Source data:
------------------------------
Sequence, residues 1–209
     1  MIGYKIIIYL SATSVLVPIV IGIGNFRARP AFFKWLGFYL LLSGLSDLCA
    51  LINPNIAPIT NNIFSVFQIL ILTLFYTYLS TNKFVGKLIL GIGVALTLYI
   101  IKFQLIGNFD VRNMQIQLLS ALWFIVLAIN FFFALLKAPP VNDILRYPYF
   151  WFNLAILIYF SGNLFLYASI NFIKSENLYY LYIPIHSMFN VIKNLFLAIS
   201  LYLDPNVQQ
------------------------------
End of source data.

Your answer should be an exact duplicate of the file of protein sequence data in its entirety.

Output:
Sequence, residues 1–209
     1  MIGYKIIIYL SATSVLVPIV IGIGNFRARP AFFKWLGFYL LLSGLSDLCA
    51  LINPNIAPIT NNIFSVFQIL ILTLFYTYLS TNKFVGKLIL GIGVALTLYI
   101  IKFQLIGNFD VRNMQIQLLS ALWFIVLAIN FFFALLKAPP VNDILRYPYF
   151  WFNLAILIYF SGNLFLYASI NFIKSENLYY LYIPIHSMFN VIKNLFLAIS
   201  LYLDPNVQQ